‘All you need to know’ about Shane Filan

19/11/2013 10:30


Shane Filan has spent the last 14 years fronting one of the most well-known boy bands of our time — Westlife. You would think he would want to continue selling millions of records (in excess of 50 million), number one singles (14 in total) and sold-out world tours. But now he’s going back to basics. 

The 34-year-old is stepping out on his own and embarking on a solo career. His debut album, ‘You and Me’ is currently sitting at #1 on the Singtel AMPed download chart and #6 on the UK Charts. 

In Singapore to promote the album, he took on a gruelling schedule including performing a five-song showcase to a packed crowd at Zouk and a press conference. He was heartened by the response. “All I could feel was happy faces in the audience and everyone singing my songs. They all knew the words to all the songs, so that’s a good sign,” he said.

Perhaps it’s the Irish charm, but with a twinkle in his eye and Teddy Boy-quif in his hair, he certainly looked the part of a leading solo singer.  


Shane isn’t the first to breakaway boy band to attempt a solo career. Ronan Keating of Boyzone, and Robbie Williams and Gary Barlow of Take That, have also had varied success with solo careers.

Even with all his previous success, Shane is, however, surprisingly pragmatic about his chances. Two words that seem to come up a lot are “hard work”.

Being the new kid on the block, Filan is pragmatic about his chances. “I think I have good songs, but I also think it’s down to a bit of luck, a bit of hard work,” he said.

While he acknowledges his past success, he has different expectations for this new journey. He added, “I’ve had an amazing career already, to a certain degree. Now it’s just about having a career in music. It doesn’t have to be the biggest in the world.”


His goals are decidedly more long term. This is “hopefully the first of many” trips to Singapore for Filan. “Hopefully in two to three years, people will know my name and will know my songs. But it takes time,” he said.


He was last in Singapore for Westlife’s farewell tour in 2012. Questions about his time with the band inevitably follow him wherever he goes, and he still embraces his past.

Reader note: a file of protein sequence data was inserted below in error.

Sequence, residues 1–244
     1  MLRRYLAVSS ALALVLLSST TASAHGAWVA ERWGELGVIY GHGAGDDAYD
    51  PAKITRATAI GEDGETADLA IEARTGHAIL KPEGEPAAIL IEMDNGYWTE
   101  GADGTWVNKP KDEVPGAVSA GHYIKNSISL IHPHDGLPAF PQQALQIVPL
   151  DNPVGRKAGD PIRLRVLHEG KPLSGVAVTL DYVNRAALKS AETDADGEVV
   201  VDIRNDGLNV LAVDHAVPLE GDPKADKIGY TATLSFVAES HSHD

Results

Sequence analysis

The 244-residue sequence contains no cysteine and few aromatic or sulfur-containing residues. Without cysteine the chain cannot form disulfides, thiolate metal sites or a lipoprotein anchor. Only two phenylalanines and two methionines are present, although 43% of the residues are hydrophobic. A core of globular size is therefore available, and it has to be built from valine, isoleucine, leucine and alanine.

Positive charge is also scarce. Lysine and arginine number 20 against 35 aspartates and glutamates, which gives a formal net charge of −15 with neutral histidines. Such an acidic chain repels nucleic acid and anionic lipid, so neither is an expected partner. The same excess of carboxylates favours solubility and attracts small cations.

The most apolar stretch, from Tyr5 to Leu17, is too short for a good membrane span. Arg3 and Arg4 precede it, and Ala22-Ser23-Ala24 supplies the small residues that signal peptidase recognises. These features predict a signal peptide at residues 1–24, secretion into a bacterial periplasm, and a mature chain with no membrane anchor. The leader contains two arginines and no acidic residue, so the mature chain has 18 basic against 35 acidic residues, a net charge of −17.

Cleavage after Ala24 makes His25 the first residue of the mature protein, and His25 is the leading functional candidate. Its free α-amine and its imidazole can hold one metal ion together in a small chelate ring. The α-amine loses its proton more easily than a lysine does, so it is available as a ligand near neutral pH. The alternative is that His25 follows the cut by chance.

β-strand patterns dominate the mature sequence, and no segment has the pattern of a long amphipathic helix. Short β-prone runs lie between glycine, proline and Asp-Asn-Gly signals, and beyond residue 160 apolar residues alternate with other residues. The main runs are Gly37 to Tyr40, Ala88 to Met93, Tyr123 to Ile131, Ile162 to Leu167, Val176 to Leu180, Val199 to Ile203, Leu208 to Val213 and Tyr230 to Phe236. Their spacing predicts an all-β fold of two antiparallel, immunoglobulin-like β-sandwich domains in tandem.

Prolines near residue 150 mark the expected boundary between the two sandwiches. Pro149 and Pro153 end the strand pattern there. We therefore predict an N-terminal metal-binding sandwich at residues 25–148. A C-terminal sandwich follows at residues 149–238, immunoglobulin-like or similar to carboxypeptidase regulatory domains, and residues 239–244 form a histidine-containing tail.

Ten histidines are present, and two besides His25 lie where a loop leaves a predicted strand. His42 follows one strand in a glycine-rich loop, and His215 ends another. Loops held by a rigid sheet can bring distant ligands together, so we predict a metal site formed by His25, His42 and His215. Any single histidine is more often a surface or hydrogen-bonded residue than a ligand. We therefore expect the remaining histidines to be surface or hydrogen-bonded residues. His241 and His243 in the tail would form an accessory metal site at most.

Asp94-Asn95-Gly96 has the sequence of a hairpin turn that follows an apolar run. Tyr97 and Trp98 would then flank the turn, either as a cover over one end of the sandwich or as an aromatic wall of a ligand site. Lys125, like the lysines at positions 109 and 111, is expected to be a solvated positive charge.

“I loved being in Westlife, it was an amazing band. We got to do 12 albums in 14 years, and we enjoyed every bit of it. We’re really good friends and we still are,” he said. But when the band decided to split, he had to take a decision for his future. For him, “singing is the only thing I want to do”.


His album ‘You and Me’ is a collection of love songs, which are mostly upbeat, summery tunes with a country feel. It’s definitely a step away from the processed pop music and sentimental ballads of Westlife.

In his first turn as singer-songwriter, he describes his songs as “love letters”, with most of them being about his wife or children. While nervous about his first-time attempt at song writing, he was honest, admitting “I didn’t even know if I could do it at the start of the album”.

But unlike with Westlife, where albums had to be delivered by a strict deadline, he could take his time with his solo effort. “You’ve a lot more control over where you want to go, and the complete freedom to find the Shane Filan sound,” he said. Working over six to eight months, he said “I got to take my time. It was more like, when the album is ready, it’s ready”. 

While he is going in a new direction, he doesn’t want to leave the Westlife fans in the lurch either. He said, “I want my Westlife fans to enjoy it, so it’s not going to absolutely alienate them either. It’s more country folk pop music. The one thing I didn’t want was for people to call it a solo Westlife album,” he said. 

At the end of the day, he just wants people to say, “It’s different and I like it”.


He will be touring the UK and Ireland in February and March next year, and Singapore could just be on the cards. “After the album’s out a good while and everybody knows the songs, then (I’ll) come and do a proper ‘You and Me’ tour,” he promised.

When asked if he was looking forward to it, he said “Nobody More Than Me,” with that familiar twinkle in his eye.

Shane played to five-song showcase to a packed crowd at Zouk while he was in Singapore